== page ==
Press release Netherlands Institute for Neuroscience

Which role does the brain play in prosocial behavior?

8 May 2018

A study from Selene Gallo (Netherlands Institute for Neuroscience, KNAW) investigated whether altering activity in these tactile brain regions while witnessing the pain of others would alter people’s willingness to help. The results, published on 08 May 2018 in eLife, are of great importance to understand our social human nature and to find treatments for pathologies, like psychopath individuals.

Helping other people in need is a foundation of our society. It is intuitive to believe that we help others because we empathically share their pain. Neuroscience shows that when we see somebody in pain our brain activates tactile and emotional regions as if we ourselves were in pain. 

To answer the question of Selene Gallo, researchers from the Social Brain Lab, led by Valeria Gazzola and Christian Keysers (Netherlands Institute for Neuroscience, KNAW), gave participants the opportunity to reduce the pain of a victim receiving a swat on her hand. They could reduce the pain by giving up money they could have otherwise taken home while their tactile brain activity was measured and altered.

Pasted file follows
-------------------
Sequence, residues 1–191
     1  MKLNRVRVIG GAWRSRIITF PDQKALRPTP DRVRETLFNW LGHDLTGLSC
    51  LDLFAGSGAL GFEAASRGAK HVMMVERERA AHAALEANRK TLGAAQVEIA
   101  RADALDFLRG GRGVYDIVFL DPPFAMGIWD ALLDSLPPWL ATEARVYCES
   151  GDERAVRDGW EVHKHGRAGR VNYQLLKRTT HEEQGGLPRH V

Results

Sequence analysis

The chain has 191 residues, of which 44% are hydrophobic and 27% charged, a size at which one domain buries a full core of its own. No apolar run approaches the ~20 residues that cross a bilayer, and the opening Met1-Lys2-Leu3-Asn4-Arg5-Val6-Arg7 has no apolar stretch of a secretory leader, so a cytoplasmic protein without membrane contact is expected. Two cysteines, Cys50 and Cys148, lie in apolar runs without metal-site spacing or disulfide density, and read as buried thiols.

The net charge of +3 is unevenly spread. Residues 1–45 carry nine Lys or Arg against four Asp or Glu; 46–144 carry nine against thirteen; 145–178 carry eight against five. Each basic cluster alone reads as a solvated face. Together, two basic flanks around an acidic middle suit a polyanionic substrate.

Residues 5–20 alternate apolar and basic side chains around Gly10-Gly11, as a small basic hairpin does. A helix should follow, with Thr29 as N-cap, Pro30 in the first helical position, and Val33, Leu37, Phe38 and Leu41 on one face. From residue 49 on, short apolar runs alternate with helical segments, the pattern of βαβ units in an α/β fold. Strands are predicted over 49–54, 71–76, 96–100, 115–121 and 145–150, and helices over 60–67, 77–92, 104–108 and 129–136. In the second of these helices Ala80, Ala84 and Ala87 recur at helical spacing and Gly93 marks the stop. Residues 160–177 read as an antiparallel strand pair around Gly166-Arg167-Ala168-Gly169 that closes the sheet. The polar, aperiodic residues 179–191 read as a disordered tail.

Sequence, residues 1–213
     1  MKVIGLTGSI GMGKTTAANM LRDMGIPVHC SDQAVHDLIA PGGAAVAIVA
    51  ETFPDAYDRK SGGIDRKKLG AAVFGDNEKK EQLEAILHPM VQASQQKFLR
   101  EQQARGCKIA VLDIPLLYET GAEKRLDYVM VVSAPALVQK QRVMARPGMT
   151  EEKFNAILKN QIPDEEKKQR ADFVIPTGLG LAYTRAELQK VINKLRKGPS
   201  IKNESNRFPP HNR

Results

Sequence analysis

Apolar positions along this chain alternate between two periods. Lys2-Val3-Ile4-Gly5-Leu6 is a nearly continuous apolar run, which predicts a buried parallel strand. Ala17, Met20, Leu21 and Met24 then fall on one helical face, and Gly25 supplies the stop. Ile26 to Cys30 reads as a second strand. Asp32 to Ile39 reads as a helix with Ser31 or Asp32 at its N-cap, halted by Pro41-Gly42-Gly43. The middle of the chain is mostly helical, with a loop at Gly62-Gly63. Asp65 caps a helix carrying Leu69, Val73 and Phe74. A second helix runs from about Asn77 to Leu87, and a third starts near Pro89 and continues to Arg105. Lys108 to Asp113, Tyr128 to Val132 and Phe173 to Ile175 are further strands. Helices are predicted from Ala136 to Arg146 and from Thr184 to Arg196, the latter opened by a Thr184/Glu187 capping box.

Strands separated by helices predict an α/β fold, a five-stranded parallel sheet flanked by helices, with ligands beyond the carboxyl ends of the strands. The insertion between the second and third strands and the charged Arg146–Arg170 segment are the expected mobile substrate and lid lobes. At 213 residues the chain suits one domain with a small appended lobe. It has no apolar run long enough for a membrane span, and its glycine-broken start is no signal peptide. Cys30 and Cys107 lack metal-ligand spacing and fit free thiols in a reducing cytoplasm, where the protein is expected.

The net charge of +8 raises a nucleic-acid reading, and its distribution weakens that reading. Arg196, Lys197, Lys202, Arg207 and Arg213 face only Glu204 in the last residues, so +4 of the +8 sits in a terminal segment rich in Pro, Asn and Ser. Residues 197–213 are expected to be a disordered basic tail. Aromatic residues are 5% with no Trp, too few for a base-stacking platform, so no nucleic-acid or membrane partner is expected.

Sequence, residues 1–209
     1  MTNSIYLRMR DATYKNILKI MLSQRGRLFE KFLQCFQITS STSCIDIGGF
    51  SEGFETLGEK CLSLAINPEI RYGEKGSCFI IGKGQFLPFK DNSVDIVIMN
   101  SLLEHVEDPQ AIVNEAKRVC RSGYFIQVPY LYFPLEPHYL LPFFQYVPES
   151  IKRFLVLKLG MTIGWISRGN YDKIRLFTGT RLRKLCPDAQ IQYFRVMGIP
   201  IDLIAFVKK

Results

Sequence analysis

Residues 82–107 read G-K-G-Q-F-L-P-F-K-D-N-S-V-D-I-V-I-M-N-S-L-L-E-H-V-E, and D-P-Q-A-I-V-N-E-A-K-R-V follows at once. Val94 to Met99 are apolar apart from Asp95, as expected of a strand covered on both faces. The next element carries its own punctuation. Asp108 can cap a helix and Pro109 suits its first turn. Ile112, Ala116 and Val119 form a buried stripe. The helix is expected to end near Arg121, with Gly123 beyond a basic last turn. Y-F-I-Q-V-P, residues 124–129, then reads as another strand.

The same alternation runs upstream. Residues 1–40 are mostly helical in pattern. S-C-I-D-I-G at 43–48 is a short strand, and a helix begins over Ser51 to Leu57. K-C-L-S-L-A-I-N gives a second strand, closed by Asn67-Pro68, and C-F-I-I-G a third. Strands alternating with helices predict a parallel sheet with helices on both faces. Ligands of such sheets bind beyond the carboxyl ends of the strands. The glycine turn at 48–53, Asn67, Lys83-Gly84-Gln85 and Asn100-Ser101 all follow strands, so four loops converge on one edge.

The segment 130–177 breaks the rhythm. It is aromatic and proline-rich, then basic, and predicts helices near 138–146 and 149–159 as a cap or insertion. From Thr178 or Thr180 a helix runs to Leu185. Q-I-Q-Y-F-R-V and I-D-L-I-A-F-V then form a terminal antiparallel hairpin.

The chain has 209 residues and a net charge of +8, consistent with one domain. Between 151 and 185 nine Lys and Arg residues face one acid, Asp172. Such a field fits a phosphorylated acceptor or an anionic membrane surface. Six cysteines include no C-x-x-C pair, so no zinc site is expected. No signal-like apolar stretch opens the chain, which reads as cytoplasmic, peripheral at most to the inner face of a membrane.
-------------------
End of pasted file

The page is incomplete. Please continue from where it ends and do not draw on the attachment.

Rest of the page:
The researchers used electroencephalography, a method to record electrical activity of the brain, in healthy human participants. With this method, they found that the activity in tactile cortices increased when participants increased their donation. Later they altered brain activity by using neuromodulation. Normally participants gave more money when the victim experienced more pain. But when interfering with tactile activity two related phenomena were observed: (a) people became less able to perceive in how much pain the other person was and (b) they no longer adapted their donations as appropriately to the needs of the other.

More information

Website Netherlands Institute for Neuroscience

Netherlands Institute for Neuroscience

The Netherlands Institute for Neuroscience is an Academy research institute. It conducts basic and strategic research in the neurosciences. It examines how the human brain makes awareness, perception, movement, learning, social interaction and other cognitive functions possible. It also studies how brain disorders can disrupt these functions. 

Logo Nederlands Herseninstituut